The current study was carried out according to the standards for good ethical practice and in accordance with the guidelines of the Declaration of Helsinki. Written informed consent from the parent/guardian of each participant was obtained when filling out the questionnaire.
Autism Diagnostic Observation Scale-G and Autism Diagnostic Observation Scale-2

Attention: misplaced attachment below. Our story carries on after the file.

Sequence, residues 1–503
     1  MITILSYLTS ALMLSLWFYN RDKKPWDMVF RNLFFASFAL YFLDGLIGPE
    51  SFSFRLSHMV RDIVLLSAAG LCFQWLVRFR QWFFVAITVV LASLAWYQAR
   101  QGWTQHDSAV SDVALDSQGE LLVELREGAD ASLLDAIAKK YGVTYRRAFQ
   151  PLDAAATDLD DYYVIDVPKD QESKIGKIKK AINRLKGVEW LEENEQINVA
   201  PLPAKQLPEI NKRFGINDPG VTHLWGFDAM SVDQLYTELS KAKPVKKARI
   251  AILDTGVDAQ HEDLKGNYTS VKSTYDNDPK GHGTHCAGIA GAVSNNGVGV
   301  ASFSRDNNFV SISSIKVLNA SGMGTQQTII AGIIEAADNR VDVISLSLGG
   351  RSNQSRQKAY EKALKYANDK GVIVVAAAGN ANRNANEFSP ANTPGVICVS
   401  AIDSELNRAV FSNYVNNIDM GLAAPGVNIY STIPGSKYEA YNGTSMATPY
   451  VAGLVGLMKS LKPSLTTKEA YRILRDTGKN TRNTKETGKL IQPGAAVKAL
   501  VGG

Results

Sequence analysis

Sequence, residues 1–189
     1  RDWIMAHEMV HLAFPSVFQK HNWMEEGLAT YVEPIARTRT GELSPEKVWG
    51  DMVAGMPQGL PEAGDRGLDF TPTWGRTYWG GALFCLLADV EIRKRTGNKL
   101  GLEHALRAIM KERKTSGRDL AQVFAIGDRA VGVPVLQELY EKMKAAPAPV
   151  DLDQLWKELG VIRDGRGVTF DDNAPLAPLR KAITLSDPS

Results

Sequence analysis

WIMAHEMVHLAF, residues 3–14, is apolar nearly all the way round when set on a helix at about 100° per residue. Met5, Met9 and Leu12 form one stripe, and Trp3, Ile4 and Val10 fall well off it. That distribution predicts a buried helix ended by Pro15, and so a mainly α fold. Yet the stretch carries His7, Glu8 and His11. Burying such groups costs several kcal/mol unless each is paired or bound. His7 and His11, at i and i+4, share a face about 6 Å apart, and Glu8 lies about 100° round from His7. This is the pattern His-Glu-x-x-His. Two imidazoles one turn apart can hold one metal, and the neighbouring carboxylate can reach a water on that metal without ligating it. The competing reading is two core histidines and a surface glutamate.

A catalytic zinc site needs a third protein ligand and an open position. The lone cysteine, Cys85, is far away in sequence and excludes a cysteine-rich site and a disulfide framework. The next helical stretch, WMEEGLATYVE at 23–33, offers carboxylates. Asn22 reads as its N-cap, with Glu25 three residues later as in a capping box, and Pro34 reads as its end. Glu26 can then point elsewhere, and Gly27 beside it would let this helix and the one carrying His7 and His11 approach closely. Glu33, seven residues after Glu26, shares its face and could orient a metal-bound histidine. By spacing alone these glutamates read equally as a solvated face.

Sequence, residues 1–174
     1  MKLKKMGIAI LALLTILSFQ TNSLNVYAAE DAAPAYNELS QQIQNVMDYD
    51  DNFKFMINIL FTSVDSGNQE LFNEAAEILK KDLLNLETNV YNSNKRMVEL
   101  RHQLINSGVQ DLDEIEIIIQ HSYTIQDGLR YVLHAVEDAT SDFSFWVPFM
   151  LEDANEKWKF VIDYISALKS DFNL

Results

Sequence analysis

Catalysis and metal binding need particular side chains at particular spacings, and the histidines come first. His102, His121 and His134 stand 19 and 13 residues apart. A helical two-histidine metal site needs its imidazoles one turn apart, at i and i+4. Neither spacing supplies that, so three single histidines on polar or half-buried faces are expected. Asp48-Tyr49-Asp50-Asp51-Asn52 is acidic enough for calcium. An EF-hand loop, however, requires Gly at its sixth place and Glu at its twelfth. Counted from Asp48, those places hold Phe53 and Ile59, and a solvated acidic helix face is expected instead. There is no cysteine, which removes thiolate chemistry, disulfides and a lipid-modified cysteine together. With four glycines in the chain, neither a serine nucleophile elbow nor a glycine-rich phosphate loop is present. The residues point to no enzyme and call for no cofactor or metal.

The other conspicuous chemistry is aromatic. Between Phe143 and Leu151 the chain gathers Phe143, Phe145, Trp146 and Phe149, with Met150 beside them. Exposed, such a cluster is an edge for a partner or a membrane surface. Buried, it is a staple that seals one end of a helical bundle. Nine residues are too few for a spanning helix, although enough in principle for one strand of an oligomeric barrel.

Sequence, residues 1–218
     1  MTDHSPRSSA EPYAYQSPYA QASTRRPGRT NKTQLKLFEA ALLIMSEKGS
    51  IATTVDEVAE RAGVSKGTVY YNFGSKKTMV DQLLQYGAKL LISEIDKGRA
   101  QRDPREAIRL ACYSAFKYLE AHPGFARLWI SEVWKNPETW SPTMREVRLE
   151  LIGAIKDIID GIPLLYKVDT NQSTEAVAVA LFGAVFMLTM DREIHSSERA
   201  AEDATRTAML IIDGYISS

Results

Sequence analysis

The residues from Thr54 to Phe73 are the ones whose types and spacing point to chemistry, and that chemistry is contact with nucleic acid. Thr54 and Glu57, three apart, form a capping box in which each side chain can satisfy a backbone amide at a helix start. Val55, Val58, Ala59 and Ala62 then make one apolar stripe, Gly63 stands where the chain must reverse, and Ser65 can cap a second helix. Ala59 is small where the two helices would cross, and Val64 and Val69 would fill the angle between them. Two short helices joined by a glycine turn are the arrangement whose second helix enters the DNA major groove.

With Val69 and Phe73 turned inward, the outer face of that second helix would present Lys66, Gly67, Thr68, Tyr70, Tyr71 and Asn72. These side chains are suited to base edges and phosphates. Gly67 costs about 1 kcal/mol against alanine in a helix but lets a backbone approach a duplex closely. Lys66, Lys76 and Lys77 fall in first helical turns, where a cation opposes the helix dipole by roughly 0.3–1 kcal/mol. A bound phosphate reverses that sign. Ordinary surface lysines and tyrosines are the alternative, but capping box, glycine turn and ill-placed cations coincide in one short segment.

We used the ADOS, the gold-standard standardized interviewer-rated measure for child observation and assessment of communication skills, social interaction, quality of play, and imagination to confirm the clinical diagnosis. It consists of standardized activities that allow the examiner to observe behaviors that have been identified as relevant to the diagnosis of ASD. In this study, we used ADOS-G (Lord et al., 2000) and ADOS-2 (Lord et al., 2012). According to the two already published algorithms (Gotham et al., 2009; Hus et al., 2014), for each participant, we calculated the Calibrated Severity Score (CSS) based on ADOS total score and social affect (SA) and restricted repetitive behaviors (RRB) sub-scores. The CSS range is 1–10, and it allows comparing different versions and modules of ADOS. Moreover, the CSS provides a measure of autism symptoms independent of age and language ability and is thus better suited than the ADOS scores for assessing the severity of ASD (Shumway et al., 2012). We previously converted the scores of ADOS-G into ADOS-2 scores (SA, RRB, and total score) based on the new algorithm proposed by the algorithm of Gotham et al. (2007). The total and the CSS domains were calculated for the Toddler Module of ADOS-2 based on Esler et al. (2015) to facilitate a direct comparison with other modules of ADOS-2. Then, we used the score of item A1 of ADOS to obtain a measure of the expressive linguistic level. Thus, we have decoded the scores as follows: (0) language absent or <5 words, (1) at least five words, (2) sentences of at least three words, and (3) fluent language.